UNITED STATES COURT OF APPEALS FOR THE DISTRICT OF COLUMBIA CIRCUIT
March 27, 1981
PUERTO RICO MARITIME SHIPPING AUTHORITY, PETITIONER
INTERSTATE COMMERCE COMMISSION AND UNITED STATES OF AMERICA, RESPONDENTS TRAILER MARINE TRANSPORT CORPORATION, SEA LAND SERVICE, INC., INTERNATIONAL LONGSHOREMEN'S
Before McGOWAN, Chief Judge, and WRIGHT, Circuit Judge, and GASCH,* United States District Judge for the District of Columbia.
UNITED STATES COURT OF APPEALS, DISTRICT OF COLUMBIA CIRCUIT
ASSOCIATION, AMERICAN TRUCKING ASSOCIATION, INC., FEDERAL
MARITIME COMMISSION, HOUSTON PORT BUREAU, INC., ET AL.,
SOUTH CAROLINA STATE PORTS AUTHORITY, INTERVENORS 1981.CDC.63
Petition for Review of an Order of the Interstate Commerce commission.
DECISION OF THE COURT DELIVERED BY THE HONORABLE JUDGE MCGOWAN
This is a proceeding to review an order of the Interstate Commerce Commission, in which the Commission accepted for the first time exclusive jurisdiction over tariffs naming joint motor/water through rates in trade between the United States and Puerto Rico. In large part the Commission reversed its longstanding previous practice on the strength of Trailer Marine Transport v. Federal Maritime Commission, 195 U.S. App. D.C. 201, 602 F.2d 379 (D.C.Cir. 1979) , in which a panel of this court held that the ICC may exercise exclusive jurisdiction over tariffs naming joint rail/water through rates in the same trade. For the reasons that follow, we affirm the Commission's extension of TMT to motor/water as well as rail/water through rates. I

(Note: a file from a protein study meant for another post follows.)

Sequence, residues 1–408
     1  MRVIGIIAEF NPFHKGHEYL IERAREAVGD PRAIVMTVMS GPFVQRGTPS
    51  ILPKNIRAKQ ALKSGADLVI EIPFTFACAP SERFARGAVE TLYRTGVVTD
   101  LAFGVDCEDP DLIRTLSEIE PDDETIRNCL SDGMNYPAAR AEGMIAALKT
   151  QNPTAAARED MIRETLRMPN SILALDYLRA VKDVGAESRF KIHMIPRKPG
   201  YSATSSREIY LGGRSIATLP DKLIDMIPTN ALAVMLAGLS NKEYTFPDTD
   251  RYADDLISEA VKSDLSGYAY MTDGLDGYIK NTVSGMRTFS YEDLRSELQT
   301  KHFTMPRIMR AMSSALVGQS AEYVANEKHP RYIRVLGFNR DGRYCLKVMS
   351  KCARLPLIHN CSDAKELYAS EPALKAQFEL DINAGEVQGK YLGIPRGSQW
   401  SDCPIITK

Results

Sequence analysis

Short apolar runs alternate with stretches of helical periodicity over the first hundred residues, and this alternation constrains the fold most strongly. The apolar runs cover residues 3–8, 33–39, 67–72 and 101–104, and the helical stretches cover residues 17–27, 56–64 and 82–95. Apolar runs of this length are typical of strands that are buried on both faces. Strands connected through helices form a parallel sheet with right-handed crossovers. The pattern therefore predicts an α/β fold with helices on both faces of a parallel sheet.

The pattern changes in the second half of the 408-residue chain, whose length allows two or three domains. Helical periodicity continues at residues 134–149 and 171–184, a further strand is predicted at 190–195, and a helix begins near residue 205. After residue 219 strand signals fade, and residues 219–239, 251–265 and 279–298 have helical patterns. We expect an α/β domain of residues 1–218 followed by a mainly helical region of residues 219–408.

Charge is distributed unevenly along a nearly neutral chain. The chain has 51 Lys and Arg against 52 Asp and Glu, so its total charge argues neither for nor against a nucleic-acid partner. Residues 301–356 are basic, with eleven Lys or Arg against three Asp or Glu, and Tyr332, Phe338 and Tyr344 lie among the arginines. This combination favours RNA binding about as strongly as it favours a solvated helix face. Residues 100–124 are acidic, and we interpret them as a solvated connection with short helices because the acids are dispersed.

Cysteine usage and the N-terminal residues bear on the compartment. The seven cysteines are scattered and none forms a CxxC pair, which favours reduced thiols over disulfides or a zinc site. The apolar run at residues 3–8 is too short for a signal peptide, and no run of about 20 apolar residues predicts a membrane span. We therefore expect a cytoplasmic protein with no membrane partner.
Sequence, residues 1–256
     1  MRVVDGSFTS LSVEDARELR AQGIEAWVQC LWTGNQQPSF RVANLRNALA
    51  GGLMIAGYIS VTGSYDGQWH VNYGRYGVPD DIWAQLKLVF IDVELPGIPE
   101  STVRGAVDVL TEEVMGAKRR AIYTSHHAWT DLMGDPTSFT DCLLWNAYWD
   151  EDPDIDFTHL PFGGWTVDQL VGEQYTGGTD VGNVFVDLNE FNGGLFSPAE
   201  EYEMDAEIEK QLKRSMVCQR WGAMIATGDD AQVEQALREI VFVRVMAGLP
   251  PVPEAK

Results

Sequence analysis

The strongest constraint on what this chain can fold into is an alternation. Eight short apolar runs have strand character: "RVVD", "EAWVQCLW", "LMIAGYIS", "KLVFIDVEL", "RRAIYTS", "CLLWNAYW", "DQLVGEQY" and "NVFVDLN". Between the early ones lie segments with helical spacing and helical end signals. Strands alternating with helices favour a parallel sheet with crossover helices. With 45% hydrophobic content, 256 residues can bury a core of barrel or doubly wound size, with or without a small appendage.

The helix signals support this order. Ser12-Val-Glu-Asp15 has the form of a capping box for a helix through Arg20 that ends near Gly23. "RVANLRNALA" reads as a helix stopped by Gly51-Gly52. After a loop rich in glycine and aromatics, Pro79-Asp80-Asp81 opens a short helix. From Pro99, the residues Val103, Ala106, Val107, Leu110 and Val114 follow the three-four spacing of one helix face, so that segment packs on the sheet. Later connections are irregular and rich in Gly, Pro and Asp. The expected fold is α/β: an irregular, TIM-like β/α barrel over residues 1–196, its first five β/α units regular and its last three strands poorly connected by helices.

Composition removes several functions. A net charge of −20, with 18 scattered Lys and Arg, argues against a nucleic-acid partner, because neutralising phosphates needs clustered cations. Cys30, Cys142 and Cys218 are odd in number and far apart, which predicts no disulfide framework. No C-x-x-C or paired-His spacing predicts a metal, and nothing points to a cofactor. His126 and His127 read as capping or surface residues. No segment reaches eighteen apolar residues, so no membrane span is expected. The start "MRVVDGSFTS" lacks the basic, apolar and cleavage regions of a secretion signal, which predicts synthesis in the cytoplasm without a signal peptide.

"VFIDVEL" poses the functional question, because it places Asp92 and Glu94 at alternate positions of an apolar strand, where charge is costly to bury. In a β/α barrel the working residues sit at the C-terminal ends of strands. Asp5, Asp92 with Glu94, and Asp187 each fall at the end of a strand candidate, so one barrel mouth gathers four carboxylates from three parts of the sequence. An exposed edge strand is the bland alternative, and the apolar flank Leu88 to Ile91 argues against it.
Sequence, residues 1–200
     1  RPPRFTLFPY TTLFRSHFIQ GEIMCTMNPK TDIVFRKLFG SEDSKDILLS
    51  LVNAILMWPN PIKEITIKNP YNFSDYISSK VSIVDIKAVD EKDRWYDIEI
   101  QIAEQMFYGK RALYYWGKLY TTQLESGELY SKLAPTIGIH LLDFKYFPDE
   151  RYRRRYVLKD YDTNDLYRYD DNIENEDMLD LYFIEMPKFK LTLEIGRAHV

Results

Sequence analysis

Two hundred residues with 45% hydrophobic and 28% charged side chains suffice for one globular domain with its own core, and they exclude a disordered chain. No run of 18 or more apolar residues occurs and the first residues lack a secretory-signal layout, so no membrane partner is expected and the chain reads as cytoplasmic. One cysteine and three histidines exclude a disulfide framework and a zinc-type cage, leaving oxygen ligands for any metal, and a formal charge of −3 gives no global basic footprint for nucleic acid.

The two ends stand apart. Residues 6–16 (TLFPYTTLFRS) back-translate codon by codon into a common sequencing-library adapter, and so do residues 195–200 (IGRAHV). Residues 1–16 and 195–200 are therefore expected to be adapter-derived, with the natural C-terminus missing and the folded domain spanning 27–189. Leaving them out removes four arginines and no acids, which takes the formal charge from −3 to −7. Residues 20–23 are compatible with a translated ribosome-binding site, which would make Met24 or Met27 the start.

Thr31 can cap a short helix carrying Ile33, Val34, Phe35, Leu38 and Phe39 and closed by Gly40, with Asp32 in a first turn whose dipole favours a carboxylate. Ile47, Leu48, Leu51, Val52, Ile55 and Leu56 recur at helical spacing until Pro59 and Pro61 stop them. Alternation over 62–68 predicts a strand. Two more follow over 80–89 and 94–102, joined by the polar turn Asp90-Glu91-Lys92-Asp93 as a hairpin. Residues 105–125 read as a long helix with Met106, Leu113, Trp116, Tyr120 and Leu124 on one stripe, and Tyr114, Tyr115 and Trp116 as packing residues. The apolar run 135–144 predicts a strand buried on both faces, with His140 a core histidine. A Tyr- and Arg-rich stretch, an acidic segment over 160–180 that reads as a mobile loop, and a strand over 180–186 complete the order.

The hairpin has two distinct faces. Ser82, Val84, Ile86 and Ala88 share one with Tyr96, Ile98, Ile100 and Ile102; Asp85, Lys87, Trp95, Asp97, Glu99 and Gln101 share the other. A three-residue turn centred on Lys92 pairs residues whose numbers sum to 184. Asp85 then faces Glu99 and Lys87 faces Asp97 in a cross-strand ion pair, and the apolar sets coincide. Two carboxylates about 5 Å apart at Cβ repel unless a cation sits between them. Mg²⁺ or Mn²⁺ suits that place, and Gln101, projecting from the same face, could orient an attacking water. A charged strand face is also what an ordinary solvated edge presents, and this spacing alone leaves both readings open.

Trailer Marine Transport is a common carrier by water which operates between ports in the United States and Puerto Rico. Prior to August 1977, TMT operated a single-rate, all-water service between Puerto Rico and Florida. In 1977, however, TMT filed with the Interstate Commerce Commission a tariff naming through rates for a new rail/water intermodal service for the joint carriage of goods *fn1 between points within the continental United States and seaports in Puerto Rico. Pursuant to this tariff, TMT would transport goods on the marine segment of the route and various independent rail carriers would transport the goods within the continental United States. Customers would pay one through rate, to be apportioned between the rail and water carriers according to the terms of their agreement. The Commission accepted exclusive jurisdiction over the tariff, and the joint service commenced operation on November 8, 1977.
Shortly thereafter, TMT filed a tariff similar to the one previously approved, except that the continental segment of the journey would be assumed by motor rather than rail carriers (a provision hereinafter termed a "joint motor/water through rate"). The ICC rejected this tariff, however. TMT filed for reconsideration, but the ICC upheld its previous determination.
Meanwhile, the Federal Maritime Commission filed suit in the United States District Court for the District of Columbia, attempting to set aside the ICC's assertion of exclusive jurisdiction over joint rail/water through rates. The FMC believed that it alone had the power to regulate or accept tariffs with respect to the marine segment of the joint through routes operating between the United States and Puerto Rico. On review, however, this court upheld the ICC's assumption of exclusive jurisdiction over rail/water through rates. Trailer Marine Transport v. Federal Maritime Commission, 195 U.S. App. D.C. 201, 602 F.2d 379 (D.C.Cir. 1979).